How Significant was the Vietnam War in Stimulating the Protest Culture of the 1960's?
The popular protest culture that formed within the 1960's, that rebelled against the American traditional system arguably occurred because of the involvement in the Vietnam war from the federal government. Many young student and black Americans specifically, were highly against American intervention, prompting the protest culture. However, other reasons could have prompted this too, like the assassination of Kennedy, more political interest and involvement from young radicals now favouring communist and socialist ideas, and also, arguably the increase in education meaning young adults now didn't have to earn their livings as early on in their lives.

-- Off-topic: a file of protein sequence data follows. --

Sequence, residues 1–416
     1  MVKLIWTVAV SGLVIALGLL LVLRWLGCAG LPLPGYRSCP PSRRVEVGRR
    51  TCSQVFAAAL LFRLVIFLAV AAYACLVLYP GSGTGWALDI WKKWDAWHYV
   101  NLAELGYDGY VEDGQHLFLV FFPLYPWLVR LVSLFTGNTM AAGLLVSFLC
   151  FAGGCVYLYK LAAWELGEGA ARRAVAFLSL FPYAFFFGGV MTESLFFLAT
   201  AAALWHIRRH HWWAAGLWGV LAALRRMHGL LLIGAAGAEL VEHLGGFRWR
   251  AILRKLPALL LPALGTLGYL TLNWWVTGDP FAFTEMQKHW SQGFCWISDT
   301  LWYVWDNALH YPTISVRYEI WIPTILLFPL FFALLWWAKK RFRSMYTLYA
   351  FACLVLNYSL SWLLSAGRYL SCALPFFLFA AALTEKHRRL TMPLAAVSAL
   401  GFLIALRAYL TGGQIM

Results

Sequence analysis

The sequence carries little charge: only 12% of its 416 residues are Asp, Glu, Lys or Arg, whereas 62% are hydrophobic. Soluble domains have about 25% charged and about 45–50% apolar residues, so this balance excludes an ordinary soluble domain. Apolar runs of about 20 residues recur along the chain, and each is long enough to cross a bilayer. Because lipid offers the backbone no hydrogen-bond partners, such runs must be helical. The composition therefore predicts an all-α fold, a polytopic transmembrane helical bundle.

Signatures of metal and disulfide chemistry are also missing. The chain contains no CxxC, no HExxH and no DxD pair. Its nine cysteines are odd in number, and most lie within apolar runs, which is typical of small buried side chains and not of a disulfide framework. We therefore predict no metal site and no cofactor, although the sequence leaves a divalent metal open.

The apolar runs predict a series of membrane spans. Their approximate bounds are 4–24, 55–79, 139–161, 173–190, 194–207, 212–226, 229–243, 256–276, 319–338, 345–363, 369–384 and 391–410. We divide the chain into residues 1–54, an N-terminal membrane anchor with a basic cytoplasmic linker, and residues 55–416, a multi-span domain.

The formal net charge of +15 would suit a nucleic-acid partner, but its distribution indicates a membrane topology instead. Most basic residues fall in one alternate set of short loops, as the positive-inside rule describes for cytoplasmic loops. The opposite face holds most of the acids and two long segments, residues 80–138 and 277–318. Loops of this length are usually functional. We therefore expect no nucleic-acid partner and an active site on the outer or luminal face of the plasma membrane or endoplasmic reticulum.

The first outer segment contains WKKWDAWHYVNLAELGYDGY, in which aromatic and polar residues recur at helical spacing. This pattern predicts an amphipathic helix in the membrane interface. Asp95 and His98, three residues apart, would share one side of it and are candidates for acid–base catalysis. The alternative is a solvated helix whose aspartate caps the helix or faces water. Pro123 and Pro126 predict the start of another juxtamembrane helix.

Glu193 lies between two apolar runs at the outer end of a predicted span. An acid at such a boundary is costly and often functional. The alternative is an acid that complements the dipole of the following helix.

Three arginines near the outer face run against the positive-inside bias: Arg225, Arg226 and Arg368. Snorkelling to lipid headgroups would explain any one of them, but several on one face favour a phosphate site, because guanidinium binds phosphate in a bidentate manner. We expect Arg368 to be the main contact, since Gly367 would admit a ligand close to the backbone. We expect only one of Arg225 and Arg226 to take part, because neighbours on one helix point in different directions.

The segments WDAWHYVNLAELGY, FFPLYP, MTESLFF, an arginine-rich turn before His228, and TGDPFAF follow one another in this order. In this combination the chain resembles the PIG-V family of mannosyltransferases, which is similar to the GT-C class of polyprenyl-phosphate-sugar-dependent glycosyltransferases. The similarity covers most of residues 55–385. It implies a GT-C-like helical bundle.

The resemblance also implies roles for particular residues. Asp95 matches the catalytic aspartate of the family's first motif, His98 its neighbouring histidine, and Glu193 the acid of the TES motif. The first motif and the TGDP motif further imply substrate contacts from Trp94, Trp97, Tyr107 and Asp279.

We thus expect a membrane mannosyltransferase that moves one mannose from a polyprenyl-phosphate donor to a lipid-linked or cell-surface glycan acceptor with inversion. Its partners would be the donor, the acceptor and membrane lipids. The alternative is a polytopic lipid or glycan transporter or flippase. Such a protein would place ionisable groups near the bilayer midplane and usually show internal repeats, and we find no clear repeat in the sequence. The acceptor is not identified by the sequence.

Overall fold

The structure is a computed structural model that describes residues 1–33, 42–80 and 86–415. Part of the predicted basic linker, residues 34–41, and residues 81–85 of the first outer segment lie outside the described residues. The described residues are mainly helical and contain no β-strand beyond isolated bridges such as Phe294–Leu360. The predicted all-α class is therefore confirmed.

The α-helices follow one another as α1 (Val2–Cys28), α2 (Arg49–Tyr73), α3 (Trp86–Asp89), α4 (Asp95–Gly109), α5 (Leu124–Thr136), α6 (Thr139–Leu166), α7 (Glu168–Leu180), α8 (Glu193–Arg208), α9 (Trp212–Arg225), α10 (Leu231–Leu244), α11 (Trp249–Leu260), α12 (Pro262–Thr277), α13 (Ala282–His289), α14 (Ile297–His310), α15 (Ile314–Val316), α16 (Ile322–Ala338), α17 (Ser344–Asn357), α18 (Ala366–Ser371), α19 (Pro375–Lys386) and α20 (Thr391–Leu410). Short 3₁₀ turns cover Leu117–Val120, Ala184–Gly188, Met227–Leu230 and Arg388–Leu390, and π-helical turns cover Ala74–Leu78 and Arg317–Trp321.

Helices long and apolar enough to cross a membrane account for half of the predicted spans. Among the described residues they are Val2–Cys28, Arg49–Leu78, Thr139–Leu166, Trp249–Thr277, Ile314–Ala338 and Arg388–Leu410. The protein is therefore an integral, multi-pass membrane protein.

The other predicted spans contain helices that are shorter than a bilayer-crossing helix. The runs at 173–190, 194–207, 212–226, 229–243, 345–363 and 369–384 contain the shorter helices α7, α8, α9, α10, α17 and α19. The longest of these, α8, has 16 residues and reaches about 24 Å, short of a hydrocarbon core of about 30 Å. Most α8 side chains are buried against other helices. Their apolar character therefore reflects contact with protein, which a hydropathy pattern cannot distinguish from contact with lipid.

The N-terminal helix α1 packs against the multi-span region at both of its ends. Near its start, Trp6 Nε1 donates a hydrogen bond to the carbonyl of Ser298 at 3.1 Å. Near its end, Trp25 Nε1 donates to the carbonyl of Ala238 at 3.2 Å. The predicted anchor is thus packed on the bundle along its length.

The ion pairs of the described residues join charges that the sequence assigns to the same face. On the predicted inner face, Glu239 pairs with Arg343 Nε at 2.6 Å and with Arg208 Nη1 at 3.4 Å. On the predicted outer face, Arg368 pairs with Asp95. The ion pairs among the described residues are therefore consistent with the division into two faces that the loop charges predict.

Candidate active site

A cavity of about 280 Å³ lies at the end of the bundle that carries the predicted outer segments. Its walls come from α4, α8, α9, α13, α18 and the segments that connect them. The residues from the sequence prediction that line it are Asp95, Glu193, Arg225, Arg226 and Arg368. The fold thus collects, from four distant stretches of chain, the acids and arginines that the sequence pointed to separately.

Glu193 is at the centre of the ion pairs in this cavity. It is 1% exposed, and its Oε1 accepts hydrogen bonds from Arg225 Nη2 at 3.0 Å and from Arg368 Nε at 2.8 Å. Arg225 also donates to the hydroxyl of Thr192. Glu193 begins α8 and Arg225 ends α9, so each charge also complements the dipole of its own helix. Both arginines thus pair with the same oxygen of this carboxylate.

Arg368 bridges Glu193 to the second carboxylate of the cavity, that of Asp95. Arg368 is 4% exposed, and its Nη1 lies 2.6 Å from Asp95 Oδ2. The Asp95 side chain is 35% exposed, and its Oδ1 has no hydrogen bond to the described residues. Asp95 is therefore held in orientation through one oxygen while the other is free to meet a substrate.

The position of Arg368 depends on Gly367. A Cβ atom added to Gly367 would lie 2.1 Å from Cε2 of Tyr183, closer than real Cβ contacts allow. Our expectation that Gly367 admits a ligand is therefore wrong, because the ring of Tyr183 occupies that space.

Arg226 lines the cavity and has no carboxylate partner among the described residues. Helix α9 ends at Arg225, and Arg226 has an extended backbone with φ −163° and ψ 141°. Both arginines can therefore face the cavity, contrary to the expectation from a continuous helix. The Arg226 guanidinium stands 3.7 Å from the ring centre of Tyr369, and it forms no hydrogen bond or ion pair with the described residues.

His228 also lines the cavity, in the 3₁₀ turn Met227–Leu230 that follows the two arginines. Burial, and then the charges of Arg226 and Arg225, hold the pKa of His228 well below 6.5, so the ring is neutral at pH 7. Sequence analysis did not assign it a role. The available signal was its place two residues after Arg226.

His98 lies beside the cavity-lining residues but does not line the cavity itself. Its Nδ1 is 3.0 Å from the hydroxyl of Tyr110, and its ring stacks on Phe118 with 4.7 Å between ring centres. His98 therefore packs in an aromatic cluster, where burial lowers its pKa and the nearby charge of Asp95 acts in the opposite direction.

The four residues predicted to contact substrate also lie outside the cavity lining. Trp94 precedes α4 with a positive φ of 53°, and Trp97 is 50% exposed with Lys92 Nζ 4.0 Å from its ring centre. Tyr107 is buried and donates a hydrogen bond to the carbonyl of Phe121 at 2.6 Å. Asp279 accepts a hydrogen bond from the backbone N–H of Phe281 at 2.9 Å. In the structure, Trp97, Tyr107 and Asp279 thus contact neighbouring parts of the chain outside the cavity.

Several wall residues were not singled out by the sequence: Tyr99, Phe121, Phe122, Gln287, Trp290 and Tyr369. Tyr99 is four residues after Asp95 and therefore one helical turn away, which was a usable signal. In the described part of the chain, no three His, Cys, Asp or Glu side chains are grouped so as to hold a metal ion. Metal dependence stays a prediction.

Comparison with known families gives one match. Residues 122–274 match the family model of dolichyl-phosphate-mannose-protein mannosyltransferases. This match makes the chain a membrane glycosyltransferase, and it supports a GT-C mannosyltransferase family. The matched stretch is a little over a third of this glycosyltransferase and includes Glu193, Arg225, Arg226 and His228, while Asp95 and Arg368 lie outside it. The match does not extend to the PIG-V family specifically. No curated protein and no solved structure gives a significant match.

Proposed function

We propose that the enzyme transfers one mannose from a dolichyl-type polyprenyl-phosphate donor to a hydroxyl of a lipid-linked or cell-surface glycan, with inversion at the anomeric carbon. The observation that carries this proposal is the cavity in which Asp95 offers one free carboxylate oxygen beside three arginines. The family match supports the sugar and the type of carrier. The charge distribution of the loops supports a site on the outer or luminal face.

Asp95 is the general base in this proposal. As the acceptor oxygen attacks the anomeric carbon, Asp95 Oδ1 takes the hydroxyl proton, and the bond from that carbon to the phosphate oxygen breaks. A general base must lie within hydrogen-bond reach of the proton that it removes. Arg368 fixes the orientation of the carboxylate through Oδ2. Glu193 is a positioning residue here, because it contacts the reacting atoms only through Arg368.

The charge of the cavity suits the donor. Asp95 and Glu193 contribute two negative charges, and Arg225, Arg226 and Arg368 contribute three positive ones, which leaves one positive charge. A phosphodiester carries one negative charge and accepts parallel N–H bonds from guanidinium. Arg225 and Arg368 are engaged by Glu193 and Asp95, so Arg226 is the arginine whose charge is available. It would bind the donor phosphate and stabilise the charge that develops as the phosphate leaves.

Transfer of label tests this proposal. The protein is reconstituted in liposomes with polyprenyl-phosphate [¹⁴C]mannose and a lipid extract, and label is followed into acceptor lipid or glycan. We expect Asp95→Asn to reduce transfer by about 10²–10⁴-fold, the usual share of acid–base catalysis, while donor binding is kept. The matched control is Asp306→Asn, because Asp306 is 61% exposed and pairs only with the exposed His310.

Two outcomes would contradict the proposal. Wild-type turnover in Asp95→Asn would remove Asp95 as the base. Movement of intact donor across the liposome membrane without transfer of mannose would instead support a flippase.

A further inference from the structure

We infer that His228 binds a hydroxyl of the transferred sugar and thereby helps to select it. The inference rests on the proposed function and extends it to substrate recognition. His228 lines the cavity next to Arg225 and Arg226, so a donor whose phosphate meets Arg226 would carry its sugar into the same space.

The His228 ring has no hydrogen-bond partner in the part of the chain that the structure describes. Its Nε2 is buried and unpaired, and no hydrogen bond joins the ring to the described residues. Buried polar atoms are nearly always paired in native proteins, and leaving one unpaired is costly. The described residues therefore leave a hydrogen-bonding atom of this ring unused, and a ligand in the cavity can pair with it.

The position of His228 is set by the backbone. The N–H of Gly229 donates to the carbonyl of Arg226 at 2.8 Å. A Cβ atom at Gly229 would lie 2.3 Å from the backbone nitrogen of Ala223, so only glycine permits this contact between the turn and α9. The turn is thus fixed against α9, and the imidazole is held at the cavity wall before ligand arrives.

Firstly, the Vietnam war was undoubtedly a very significant factor in the increased protests during the 60's. For example, the excessive bombing of North Vietnam lead in 1965 lead to many student protests, as so many civilians including women and children were being purposefully killed in order to ultimately, win the was by flattening Vietnam. This caused outrage amongst the student rebels. In particular, the student rebel group called Students for Democratic Society (SDS) used the Vietnam war to suggest that the US government was corrupt. The cause struck a chord with those at university more so than other groups of people due to the immense number of students that were made to go and fight. The average age of soldiers fighting the Vietnam war for America was 19, meaning almost every student knew someone that had been killed or injured due to the combat they were being forced to take part in. This lead to not only resentment for the war, but also fear that they would be called up to fight, and therefore even more resistance and protesting towards continuing the fight. The war faced huge resistance, and in a way gave the rebels a force and action to fight against. This could be argued as the stimulant for the protests, as they...
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